10 volunteers were equipped with HTC Wildfire-S smartphones, whose Wi-Fi interfaces were configured to operate in ad hoc mode. Each smartphone ran DodwanDroid, an Android application based on DoDWAN, as well as another application recording GPS locations and radio contacts.
During the experiment the volunteers were asked to roam a small university campus (covering roughly a 420 m x 160 m area), staying outdoors (because of the GPS recording), while using the DodwanDroid app to exchange short-text messages on a public channel (meaning every message published by one volunteer was meant to be received by all other volunteers). The experiment lasted about 25 minutes, but the volunteers were requested to start DodwanDroid on their smartphone shortly after they began walking in the campus, and to stop it shortly before the 25-minute deadline. They were also requested to stop publishing messages a couple of minutes before stopping the DodwanDroid application, thus giving the last messages published a chance to disseminate for a while.
Log files were collected after the field experiment, and a video was produced (among other things) based on data extracted from these log files. This video shows how the volunteers moved during the field experiment, and how their smartphones managed to exchange messages. The video covers the whole duration of the field experiment (i.e., a bit more than 25 minutes), but it is accelerated 4 times.
Each moving node in the video represents a volunteer, or more specifically the smartphone he/she is carrying. A node is shown grey as long as the DodwanDroid app is not running on the smartphone, and it turns red when DodwanDroid is started.
An edge between two nodes blinks grey whenever a control message is transferred between these nodes (in any direction). It blinks red for the transfer of an application-level message (i.e., one of the messages published by the volunteers).
This video has been produced using the LEPTON platform. This platform is mostly meant to emulate an opportunistic network, but it can also replay mobility traces, contact traces, and application-level traces collected during field experiments such as this one.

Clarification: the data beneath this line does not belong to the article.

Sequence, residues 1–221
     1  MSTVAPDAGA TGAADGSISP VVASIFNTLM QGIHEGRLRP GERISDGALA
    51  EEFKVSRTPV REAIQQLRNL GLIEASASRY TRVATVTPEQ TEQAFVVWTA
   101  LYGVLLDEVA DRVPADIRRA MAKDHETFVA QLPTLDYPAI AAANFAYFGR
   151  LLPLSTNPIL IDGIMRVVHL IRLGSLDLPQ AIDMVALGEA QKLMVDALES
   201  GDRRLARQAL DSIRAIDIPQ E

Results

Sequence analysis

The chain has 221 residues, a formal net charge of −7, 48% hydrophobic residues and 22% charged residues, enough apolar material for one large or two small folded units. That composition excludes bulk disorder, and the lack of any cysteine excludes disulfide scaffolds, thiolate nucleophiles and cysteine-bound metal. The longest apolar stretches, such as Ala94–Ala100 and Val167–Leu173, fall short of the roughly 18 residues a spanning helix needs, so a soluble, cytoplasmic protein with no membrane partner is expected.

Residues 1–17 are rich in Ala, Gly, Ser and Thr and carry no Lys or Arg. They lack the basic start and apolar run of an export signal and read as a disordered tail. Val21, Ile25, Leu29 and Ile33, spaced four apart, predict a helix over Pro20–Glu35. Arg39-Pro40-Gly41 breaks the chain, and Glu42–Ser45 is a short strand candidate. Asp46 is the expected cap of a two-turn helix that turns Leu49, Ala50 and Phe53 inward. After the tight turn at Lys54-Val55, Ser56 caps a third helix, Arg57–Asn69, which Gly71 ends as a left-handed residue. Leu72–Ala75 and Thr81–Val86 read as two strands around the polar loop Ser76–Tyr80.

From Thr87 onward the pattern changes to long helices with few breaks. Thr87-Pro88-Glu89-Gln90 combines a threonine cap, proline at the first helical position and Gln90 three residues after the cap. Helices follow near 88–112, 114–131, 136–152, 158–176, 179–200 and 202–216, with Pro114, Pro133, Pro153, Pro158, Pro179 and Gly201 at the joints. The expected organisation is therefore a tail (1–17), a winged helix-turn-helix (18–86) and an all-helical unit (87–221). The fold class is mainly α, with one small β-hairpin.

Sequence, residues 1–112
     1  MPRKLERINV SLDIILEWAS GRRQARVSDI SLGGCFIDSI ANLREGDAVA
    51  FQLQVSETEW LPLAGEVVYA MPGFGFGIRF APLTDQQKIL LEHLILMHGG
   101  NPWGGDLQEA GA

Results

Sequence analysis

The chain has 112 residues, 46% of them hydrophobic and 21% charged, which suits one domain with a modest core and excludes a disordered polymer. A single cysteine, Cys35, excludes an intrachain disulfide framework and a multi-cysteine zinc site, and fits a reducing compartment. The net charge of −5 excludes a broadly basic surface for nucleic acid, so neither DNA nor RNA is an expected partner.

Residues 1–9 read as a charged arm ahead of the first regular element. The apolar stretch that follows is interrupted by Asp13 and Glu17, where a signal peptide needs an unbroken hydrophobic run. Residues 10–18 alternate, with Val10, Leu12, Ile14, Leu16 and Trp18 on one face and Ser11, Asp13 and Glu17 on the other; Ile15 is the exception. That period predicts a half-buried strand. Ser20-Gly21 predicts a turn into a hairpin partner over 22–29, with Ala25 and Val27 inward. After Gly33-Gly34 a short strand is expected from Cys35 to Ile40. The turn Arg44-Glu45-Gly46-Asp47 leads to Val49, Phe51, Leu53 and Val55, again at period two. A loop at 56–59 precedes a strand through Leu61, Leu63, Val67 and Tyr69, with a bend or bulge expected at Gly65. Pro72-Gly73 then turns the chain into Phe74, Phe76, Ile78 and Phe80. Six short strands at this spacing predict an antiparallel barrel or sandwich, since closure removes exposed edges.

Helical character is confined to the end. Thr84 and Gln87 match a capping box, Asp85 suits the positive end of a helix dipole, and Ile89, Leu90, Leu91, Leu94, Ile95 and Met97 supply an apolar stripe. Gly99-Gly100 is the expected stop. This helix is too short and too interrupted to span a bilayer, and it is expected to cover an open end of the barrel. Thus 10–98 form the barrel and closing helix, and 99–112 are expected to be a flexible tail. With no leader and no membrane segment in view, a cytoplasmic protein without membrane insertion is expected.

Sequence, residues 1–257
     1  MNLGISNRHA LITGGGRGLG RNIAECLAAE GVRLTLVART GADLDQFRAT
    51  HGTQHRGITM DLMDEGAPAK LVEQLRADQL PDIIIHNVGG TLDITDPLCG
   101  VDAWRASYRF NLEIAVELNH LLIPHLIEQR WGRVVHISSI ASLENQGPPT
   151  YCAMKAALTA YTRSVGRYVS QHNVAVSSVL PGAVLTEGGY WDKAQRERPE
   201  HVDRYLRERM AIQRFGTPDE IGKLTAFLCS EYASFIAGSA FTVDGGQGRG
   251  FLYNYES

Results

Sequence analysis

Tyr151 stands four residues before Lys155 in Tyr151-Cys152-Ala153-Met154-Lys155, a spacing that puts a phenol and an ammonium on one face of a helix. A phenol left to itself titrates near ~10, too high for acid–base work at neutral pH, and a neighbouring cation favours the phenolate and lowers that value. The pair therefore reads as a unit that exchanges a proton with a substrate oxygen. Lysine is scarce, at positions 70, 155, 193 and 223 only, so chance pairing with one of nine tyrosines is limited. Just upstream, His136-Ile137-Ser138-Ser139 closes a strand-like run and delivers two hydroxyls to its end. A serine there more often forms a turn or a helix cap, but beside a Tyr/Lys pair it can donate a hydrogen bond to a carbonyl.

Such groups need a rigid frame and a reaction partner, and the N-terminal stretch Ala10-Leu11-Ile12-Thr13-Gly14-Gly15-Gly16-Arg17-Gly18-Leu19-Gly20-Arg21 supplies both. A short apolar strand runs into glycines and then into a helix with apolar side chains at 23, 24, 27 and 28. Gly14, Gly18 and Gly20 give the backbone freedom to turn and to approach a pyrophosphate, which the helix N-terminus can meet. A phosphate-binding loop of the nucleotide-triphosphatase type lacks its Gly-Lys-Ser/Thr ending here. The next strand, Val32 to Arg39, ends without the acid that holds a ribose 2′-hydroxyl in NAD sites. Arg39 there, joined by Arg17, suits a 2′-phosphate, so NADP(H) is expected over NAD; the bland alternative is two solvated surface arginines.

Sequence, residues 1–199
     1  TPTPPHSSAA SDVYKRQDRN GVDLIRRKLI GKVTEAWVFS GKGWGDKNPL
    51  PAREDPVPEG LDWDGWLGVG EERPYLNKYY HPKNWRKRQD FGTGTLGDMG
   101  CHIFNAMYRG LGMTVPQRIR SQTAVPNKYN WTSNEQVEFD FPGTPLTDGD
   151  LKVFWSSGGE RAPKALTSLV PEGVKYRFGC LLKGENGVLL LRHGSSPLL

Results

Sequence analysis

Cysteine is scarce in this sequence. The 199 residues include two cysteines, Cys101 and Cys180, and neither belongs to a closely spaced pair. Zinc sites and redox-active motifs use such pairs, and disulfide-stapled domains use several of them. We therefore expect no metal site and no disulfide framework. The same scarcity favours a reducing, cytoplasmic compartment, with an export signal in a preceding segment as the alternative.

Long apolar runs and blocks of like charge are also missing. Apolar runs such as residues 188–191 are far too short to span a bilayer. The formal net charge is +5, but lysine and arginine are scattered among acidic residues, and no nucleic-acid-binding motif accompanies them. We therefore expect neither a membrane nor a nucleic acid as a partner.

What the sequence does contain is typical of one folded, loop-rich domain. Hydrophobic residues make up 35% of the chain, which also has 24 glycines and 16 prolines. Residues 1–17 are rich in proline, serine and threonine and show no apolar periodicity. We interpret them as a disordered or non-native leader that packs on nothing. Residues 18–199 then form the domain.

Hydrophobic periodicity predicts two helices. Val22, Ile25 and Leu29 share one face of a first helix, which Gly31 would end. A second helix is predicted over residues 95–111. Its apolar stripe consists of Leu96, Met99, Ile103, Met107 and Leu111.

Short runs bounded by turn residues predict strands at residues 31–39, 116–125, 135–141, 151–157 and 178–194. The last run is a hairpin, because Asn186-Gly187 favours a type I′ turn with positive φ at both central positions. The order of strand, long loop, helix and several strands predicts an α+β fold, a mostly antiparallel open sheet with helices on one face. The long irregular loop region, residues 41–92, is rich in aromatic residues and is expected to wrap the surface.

The log files collected after the field experiment have been analysed. Some of the main statistical figures thus obtained are shown in the table below (Table I).
|Metric||Values (* = min / max / avg / stdev values)|
|Duration of the experiment||25’15"|
|Nb. of nodes involved in the experiment||10|
|Nb. of active nodes||
2.0 / 10.0 / 9.5 / 1.5 (*)
|Activity duration per node||
21’35" / 23’53" / 23’06" / 41" (*)
|Average number of neighbors per node||
0.0 / 2.7 / 1.2 / 0.5 (*)
|Number of contacts||163|
|Durations of contacts||
00" / 10’16" / 48" / 01’11" (*)
|Number of inter-contacts||119|
|Durations of inter-contacts||
04" / 18’12" / 04’01" / 03’37" (*)
|Number of messages published||249|
|Number of receive events||2234 (delivery ratio: 99.6%)|
|Message delivery delays||
00" / 18’16" / 02’30" / 02’08" (*)
|Distances covered during msg transfers (m.)||
0.0 / 171.8 / 55.7 / 32.6 (*)
In the analysis below any message considered is an application-level message, that is, a message published by one of the volunteers during the field experiment. The transmission of such a message is depicted by an edge blinking red in the video presented above.
The last line in Table I provides interesting figures about the distances covered by these messages as they were transferred between neighbor nodes. Some messages got transmitted over up to 172 meters, with an average distance of 56 meters. Such rather long transmission distances could of course be observed because the volunteers stayed outdoors while roaming the campus.
The figure below shows a projection of all the message transfers that were recorded during the field experiment (click on the image to see it in full size). Each red segment depicts the transfer of a message from a sender to a receiver.
As expected, most of the transmissions recorded in the log files occurred over line-of-sight paths. Yet, the figure shows that some transmissions also occurred through buildings. This can also be observed when playing the video. Indeed, a thorough observation of these transmissions through buildings shows that they actually occurred over the lowest buildings of the campus, and through openings (e.g., doors and windows) in higher buildings. In any case, observing that small mobile devices such as smartphones operating in ad hoc mode managed to exchange messages in such challenged conditions, and over such distances, is an unexpected outcome of this field experiment.